Of course, it is very important to acknowledge potential limitations of a review article such as this, especially with the relative paucity of head-to-head type of follow-up regimens (fixed, PRN, T&E) in the setting of nAMD and/or PCV. However, the authors have nicely summarized the trials that do exist. Comparing studies is also challenging, since studies have used different criteria to define disease activity (amount of subretinal and/or intraretinal fluid, timeframe to accumulation of such fluid, etc), and have had differing timeframes for follow-up evaluations. The authors of this review have not attempted to indicate if there is any difference in treatment outcomes based on the specific anti-VEGF agent which had been employed in the nAMD studies. Also, there is no level 1 data as to recommendations of how or when to proceed with treatment or monitoring beyond the 12- to 16-week T&E interval timeframe. The authors do suggest that perhaps with two 16-week timeframes and no disease activity, treatment could be indefinitely suspended, albeit with continued monitoring. The role of photodynamic therapy (PDT), especially in the setting of PCV, perhaps may still need to be integrated into treatment regimens, at least on occasion. Finally, the recent (and still ongoing) COVID-19 pandemic has made studies challenging in terms of missed appointments and follow-up examinations, which has potentially altered clinical trial results.

In summary, it is important to keep in mind that once one has decided to employ T&E guidelines in the management of nAMD and PCV, these are generalized recommendations. Still, these recommendations seem very reasonable and well thought out, at least for the majority of patients. It is also important to keep in mind that new treatment modalities currently in the pipeline (port delivery system, gene therapy, new therapeutic drugs, impact of home monitoring OCT devices, etc)7 will hopefully offer even more effective treatment and outcomes in the future, perhaps being more cost-effective as well. Once again, I commend the authors for undertaking this complex and fascinating study.


1. Daien V, Finger RP, Talks JS, et al. Evolution of treatment paradigms in neovascular age-related macular degeneration: a review of real-world evidence. Br J Ophthalmol 2021; 105:1475–1479. Online ahead of print. doi:10.1136/bjophthalmol-2020-317434.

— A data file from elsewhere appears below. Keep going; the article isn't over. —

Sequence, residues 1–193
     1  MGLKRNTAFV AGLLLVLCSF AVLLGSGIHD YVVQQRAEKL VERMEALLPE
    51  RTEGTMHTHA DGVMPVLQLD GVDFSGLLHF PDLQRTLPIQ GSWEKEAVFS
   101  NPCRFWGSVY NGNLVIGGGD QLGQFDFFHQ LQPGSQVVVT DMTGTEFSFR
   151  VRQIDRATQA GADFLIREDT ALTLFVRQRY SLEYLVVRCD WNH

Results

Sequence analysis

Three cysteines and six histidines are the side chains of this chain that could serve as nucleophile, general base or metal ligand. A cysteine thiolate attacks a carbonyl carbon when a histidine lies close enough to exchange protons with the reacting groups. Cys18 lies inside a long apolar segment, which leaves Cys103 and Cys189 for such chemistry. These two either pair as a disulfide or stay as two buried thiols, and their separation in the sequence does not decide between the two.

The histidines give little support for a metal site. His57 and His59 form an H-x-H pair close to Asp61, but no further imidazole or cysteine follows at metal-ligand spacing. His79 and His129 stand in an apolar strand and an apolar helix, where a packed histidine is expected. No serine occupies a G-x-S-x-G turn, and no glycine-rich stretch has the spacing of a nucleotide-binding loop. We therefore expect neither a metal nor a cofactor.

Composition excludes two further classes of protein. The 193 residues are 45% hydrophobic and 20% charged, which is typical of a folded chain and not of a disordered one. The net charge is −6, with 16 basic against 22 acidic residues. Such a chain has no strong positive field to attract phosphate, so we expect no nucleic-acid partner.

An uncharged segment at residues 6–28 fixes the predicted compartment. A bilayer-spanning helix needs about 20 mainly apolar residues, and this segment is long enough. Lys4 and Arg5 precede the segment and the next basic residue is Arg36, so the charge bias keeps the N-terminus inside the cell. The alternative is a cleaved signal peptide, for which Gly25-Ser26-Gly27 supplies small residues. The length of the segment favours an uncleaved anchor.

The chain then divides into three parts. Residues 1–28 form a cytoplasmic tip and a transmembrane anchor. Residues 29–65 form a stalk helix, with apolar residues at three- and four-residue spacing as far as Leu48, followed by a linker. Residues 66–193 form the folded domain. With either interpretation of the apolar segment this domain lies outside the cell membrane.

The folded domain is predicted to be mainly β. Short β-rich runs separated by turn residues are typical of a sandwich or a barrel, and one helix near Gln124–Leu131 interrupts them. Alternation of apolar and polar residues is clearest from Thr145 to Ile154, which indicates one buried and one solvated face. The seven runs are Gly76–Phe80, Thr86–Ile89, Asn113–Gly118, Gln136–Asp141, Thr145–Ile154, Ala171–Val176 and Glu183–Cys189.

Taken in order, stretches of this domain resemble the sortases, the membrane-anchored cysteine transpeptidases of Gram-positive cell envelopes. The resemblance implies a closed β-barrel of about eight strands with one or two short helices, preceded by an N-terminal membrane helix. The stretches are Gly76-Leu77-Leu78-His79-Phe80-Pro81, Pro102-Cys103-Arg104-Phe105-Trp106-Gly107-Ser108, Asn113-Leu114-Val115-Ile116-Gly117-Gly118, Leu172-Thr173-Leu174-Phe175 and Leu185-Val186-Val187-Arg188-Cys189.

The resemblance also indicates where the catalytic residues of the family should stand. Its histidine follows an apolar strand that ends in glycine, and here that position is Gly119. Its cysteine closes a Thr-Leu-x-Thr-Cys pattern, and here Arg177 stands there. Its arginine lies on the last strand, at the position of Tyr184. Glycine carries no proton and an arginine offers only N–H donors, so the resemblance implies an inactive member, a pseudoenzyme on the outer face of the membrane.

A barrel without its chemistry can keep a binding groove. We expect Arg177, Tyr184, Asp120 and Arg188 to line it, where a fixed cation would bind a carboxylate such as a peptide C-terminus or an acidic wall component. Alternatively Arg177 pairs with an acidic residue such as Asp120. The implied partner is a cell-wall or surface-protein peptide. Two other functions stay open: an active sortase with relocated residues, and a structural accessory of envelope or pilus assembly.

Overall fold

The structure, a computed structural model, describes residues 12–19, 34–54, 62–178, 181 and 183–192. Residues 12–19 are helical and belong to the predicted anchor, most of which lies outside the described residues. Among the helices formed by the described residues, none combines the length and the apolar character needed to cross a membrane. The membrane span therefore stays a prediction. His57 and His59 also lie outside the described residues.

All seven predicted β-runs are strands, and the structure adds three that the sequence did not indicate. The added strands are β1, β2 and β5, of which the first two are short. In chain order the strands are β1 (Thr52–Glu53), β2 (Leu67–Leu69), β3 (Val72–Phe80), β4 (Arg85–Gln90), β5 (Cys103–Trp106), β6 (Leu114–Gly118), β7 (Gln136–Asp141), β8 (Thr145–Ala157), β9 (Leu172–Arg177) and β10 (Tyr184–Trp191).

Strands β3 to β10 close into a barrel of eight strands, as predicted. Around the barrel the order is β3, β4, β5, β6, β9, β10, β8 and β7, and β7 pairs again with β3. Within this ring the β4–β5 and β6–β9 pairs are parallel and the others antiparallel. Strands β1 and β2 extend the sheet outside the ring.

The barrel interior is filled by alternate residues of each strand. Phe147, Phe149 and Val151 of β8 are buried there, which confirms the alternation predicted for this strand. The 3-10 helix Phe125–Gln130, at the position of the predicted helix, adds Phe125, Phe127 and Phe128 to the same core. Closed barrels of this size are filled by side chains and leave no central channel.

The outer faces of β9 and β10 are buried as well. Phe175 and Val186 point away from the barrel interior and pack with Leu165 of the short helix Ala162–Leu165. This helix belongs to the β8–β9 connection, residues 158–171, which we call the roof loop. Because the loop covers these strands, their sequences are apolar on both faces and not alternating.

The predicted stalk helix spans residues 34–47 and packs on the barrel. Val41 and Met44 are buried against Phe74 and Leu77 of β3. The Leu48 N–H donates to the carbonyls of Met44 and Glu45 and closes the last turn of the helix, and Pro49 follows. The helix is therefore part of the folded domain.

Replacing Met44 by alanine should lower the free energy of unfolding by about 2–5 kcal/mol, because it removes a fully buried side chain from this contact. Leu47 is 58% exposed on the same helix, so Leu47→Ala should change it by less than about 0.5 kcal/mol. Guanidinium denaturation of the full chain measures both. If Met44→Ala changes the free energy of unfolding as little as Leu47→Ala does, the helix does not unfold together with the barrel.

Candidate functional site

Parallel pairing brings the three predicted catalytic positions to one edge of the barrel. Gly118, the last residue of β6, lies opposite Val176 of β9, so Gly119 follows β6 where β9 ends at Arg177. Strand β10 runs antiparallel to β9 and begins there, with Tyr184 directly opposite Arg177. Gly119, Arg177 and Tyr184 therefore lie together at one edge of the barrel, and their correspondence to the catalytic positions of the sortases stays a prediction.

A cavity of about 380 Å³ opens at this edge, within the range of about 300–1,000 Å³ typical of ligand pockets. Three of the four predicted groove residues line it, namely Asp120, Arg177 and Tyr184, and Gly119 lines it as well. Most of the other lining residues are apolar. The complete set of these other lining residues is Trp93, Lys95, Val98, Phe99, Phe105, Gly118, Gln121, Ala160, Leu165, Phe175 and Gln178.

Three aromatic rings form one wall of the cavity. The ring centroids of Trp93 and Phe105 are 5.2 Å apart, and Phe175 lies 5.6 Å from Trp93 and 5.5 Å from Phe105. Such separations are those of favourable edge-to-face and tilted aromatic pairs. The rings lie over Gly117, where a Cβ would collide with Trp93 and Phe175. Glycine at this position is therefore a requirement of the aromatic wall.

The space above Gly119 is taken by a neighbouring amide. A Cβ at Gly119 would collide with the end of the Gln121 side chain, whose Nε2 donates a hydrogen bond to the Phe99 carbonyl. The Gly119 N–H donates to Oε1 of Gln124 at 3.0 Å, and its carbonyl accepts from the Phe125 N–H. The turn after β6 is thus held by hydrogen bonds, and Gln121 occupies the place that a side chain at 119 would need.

2. Stone T. ASRS Preferences and Trends Membership Survey. Chicago, IL: American Society of Retina Specialists; 2010;
3. Silva R, Berta A, Larsen M, et al. Treat-and-extend versus monthly regimen in neovascular age-related macular degeneration: results with ranibizumab from the TREND study. Ophthalmol 2018; 125:57–65.
4. Kertes PJ, Galic IJ, Greve M, et al. Canadian treat-and-extend analysis trial with ranibizumab in patients with neovascular age-related macular disease: one-year results of the randomized Canadian treat-and-extend analysis trial with ranibizumab study. Ophthalmol 2019; 126:841–848.
5. Kertes PJ, Galic IJ, Greve M, et al. Efficacy of a treat-and-extend regimen with ranibizumab in patients with neovascular age-related macular disease: a randomized clinical trial. JAMA Ophthalmol 2020; 138:244–250.
6. Mitchell P, Souied EH, Midena E, et al. Efficacy of intravitreal aflibercept administered using treat-and-extend regimen over 2 years in patients with neovascular age-related macular degeneration: 1-year ARIES results. Invest Ophthalmol Vis Sci 2019; 60:117.
7. Samanta A, Aziz AA, Jhingan M, et al. Emerging Therapies in Neovascular Age-Related Macular Degeneration in 2020. Asia Pac J Ophthalmol (Phila) 2020; 9:250–259.
Copyright © 2021 Asia-Pacific Academy of Ophthalmology. Published by Wolters Kluwer Health, Inc. on behalf of the Asia-Pacific Academy of Ophthalmology.